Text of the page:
Electronic access control is similar to the automotive evolution. For those with keyless ignition systems in their cars, the concept of needing to locate a key and present it mechanically in the vehicle to start the engine seems outdated. It may seem minimal to someone who has not yet experienced any different behavior, but once a person has this experience, few prefer to accept anything less going forward. It’s the same as someone handing out a mechanical key. It already feels outdated in many commercial buildings because we have come to expect the convenience of the electronic key.
When electronic access control is implemented throughout a facility, a single credential can provide a frictionless experience while users move from one space to the next with ease. This experience is attractive to the tenants and others who have come to expect convenience where they live, learn and work. Wireless solutions help make this possible.
This is increasingly relevant in multifamily properties, particularly those targeting Millennials. Many have grown up with technology and used electronic credentials to access their neighborhood recreation centers, college residence halls and academic buildings. As they make choices on where to live and work, why would they want to receive a mechanical key for access when it’s much more convenient to use an electronic card or phone?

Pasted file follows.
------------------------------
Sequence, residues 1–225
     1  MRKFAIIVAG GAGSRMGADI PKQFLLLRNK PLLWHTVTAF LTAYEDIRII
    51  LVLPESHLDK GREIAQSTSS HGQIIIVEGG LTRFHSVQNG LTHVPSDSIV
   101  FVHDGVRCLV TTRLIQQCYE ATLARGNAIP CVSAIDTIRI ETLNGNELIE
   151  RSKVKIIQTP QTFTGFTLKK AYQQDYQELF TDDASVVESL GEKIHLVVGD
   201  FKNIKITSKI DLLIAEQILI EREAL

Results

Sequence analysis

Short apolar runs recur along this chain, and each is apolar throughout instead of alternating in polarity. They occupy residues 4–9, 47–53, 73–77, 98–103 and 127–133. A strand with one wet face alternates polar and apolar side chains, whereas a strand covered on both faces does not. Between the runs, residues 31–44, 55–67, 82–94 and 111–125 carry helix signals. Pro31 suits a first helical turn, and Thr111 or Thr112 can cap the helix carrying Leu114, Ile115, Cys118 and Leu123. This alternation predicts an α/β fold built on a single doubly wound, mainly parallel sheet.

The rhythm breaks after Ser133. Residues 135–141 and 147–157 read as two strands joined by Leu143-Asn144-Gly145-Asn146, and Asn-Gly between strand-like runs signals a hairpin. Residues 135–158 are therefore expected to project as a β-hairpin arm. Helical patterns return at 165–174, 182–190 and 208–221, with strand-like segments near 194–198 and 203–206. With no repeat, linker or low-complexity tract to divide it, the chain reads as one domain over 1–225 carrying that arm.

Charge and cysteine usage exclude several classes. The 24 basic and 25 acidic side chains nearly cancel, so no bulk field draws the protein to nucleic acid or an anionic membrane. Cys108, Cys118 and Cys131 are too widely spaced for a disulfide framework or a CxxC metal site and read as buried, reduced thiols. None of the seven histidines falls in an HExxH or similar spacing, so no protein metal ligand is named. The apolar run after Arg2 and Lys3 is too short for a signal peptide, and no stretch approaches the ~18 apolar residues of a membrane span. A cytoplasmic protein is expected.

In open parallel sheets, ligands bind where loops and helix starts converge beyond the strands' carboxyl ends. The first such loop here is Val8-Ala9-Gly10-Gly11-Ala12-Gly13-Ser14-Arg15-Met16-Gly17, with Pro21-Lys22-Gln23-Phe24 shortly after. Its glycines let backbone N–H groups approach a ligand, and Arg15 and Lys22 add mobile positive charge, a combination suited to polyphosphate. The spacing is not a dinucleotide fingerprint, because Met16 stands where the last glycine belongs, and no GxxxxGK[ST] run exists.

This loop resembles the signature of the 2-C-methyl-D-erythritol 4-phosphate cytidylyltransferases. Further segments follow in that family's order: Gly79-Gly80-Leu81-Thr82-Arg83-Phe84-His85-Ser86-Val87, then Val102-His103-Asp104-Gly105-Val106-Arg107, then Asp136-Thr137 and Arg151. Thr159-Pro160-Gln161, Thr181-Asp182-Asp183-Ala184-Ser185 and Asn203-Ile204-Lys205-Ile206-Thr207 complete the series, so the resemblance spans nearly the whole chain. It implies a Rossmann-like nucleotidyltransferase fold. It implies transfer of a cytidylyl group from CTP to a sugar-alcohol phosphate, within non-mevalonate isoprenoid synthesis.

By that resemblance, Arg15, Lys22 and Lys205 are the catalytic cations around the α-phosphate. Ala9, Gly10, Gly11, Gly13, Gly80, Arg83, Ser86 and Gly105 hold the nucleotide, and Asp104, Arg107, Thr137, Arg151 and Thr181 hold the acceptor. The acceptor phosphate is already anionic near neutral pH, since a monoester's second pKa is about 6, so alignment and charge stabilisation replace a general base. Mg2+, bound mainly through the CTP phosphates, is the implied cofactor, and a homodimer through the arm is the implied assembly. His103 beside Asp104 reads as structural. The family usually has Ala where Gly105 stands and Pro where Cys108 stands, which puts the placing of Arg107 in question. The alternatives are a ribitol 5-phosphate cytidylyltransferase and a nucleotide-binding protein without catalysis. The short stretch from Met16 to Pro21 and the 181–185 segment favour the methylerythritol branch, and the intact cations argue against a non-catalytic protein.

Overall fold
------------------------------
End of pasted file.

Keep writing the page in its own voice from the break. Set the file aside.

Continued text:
Assisted living facilities have also benefitted from adopting wireless solutions throughout the property, including resident doors. Access control is more convenient for their elderly residents. It’s easier to track as well as ergonomically use as it eliminates the need for them to twist the key, which can be hard or painful for some residents.